A first-of-its-kind Pilot Program in Mississippi
In 2017, the Global Teaching Project launched a first-of-its-kind Pilot Program in Mississippi, bringing together rural, high-poverty public school districts from across the state to form the Mississippi Public School Consortium for Educational Access, and providing blended AP® STEM coursework to talented, but underserved, Mississippi public high school students.
Partnering with flagship universities including Mississippi State University, Jackson State University, the University of Mississippi, and Millsaps College, the Global Teaching Project’s Pilot Program supports schools that are faced with limited resources and a chronic, and worsening, shortage of qualified teachers.
The Pilot Program also helps to develop and prepare a pipeline of talented, high-achieving students from the State’s most rural and impoverished districts to enter post-secondary study and, ultimately, the workforce.
Mississippi’s worsening teacher shortage crisis
In 2018 in Mississippi, there were more than 2,100 teaching vacancies and 2,256 uncertified teachers.
This lack of teachers leads to devastating consequences for Mississippi’s students.
Nationally, over 1.5 million AP® exams were administered in 2017 in 12 math and science subjects compared to 4,000 in Mississippi.
In 9 of these 12 subjects, the average score of Mississippi students was below a 3.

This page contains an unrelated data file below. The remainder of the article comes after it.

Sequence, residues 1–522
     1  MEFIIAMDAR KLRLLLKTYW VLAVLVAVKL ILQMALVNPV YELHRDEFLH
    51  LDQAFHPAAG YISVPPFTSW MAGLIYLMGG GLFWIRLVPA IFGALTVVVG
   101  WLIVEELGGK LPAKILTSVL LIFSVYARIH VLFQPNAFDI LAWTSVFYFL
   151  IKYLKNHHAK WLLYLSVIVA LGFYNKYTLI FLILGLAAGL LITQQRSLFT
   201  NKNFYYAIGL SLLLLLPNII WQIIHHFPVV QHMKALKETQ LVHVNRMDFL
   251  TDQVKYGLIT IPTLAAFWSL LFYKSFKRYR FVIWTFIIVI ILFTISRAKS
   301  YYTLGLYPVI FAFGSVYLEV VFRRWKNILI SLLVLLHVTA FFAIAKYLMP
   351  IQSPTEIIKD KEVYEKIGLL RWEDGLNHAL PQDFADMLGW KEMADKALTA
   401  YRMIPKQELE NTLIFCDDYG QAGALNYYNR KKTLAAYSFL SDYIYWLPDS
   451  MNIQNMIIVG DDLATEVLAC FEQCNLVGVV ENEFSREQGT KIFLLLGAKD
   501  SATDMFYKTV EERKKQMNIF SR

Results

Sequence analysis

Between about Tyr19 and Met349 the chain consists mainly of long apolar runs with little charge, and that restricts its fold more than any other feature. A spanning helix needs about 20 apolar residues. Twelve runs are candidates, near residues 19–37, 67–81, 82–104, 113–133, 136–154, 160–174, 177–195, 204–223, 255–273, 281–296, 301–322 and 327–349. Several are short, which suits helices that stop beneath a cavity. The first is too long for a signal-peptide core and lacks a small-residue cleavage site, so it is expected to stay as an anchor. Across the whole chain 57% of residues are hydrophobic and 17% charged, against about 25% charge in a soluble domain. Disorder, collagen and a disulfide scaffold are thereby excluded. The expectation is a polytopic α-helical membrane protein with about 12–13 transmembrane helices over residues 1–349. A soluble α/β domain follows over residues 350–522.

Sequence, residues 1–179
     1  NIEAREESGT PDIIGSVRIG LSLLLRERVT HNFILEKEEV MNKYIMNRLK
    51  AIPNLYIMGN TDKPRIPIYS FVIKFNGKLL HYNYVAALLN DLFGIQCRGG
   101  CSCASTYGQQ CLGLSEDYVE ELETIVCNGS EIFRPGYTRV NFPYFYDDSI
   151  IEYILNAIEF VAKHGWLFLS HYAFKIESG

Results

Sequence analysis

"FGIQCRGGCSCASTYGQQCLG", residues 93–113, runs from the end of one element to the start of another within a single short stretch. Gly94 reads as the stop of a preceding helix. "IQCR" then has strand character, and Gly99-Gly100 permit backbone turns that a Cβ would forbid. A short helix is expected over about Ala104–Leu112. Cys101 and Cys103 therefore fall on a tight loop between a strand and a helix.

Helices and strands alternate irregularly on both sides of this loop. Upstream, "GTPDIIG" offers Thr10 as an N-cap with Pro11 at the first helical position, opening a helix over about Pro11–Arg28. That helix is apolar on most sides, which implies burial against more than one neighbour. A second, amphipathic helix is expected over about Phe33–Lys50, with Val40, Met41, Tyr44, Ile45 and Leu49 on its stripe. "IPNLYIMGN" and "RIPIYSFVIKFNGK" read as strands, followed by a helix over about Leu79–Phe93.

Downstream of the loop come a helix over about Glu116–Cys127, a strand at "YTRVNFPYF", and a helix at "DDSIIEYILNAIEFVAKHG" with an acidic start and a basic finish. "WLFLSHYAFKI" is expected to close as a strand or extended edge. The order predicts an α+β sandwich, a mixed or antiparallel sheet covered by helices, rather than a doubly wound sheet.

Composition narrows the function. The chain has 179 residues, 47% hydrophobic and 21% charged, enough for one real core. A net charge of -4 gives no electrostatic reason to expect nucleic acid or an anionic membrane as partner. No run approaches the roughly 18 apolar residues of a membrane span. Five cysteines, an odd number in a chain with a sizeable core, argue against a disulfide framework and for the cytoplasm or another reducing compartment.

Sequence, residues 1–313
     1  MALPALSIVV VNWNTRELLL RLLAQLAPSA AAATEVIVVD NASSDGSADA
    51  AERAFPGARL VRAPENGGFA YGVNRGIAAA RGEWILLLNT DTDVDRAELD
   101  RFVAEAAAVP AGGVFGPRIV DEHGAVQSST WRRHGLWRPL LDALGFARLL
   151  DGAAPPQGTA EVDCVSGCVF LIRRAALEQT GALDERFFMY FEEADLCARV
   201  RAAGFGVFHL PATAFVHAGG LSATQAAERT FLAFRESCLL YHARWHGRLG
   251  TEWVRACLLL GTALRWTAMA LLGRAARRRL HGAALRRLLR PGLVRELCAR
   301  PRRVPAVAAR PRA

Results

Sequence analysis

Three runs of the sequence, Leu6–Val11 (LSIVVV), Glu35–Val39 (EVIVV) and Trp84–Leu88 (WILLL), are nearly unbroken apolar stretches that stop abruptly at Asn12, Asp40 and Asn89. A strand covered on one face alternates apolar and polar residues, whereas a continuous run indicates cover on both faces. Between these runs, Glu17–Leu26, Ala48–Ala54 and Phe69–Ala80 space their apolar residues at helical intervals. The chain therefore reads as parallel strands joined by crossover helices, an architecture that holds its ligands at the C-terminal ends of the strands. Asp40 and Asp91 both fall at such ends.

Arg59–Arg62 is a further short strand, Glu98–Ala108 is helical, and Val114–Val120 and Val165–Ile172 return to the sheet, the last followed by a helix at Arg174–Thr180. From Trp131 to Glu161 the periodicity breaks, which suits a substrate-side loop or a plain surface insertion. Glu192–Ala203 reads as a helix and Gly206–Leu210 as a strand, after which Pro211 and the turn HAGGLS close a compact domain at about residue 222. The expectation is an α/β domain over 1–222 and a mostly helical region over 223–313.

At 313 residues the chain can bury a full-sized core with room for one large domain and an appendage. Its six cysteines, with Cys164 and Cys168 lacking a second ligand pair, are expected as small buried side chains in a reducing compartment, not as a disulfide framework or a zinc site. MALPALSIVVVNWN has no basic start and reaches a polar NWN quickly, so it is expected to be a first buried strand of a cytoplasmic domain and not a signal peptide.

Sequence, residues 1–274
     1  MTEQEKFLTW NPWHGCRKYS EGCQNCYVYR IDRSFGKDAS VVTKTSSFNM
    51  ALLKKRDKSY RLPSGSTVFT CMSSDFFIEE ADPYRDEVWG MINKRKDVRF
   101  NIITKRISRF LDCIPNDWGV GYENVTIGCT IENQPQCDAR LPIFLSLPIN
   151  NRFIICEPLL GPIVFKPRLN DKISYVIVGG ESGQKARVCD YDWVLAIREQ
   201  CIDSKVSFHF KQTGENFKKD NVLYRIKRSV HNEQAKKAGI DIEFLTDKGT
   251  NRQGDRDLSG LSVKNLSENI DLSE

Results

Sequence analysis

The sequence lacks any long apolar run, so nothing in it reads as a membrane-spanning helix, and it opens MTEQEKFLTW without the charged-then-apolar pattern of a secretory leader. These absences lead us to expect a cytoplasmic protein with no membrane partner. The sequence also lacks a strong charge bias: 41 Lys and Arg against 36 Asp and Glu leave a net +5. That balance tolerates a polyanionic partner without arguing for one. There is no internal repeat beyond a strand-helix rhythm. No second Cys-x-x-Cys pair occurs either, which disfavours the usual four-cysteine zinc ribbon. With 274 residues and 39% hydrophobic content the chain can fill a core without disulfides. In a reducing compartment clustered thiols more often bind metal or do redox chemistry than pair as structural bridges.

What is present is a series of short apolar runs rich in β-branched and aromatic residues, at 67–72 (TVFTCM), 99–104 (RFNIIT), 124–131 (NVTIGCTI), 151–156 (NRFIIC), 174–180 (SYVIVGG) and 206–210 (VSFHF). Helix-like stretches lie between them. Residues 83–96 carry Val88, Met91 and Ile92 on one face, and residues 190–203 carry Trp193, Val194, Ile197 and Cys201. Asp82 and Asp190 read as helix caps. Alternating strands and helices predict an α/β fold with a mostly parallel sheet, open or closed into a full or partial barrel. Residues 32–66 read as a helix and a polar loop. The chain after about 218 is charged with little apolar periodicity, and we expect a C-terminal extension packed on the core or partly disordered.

The Consortium and GTP are proud to partner with the following entities: U.S. Department of Education, The Walton Family Foundation, The Woodward Hines Foundation, The Jack Kent Cooke Foundation, The Todd Wagner Foundation, The Phil Hardin Foundation, The Chisholm Foundation, FedEx and the Community Foundation of NW Mississippi.
AP® Physics 1
Rural schools across Mississippi are eager to teach advanced Physics in their classrooms. But prospective teachers are scarce. In a typical year, Mississippi’s public colleges and universities produce one Physics teacher, total, for the state’s over 130,000 public high school students. In addition, Physics was named a “Critical Subject Shortage Area” by the Mississippi Department of Education.
The Global Teaching Project currently offers blended AP® Physics 1 curricula in 26 rural, high-poverty high schools across Mississippi. Since the Pilot Program launched just 5 years ago (2017-18 school year), over 650 students have participated in the AP® Physics 1 course or related university-based programs.
The AP® Physics 1 course offers the full range of components included in our blended model:
- Dr. Meg Urry, Director of the Yale Center for Astronomy and Astrophysics, serves as the lead instructor, providing instruction via asynchronous video as well as through periodic live sessions;
- 2 Mississippi-based AP® Physics 1 Supervisory Instructors oversee the course, create weekly lesson plans and offer support to on-site teachers;
- Students have access to an extensive library of online resources as well as physical copies of leading Physics textbooks and workbooks;
- College student STEM majors from Yale, Harvard, Virginia, Georgia Tech, Ole Miss and more serve as tutors to participating AP® Physics 1 students;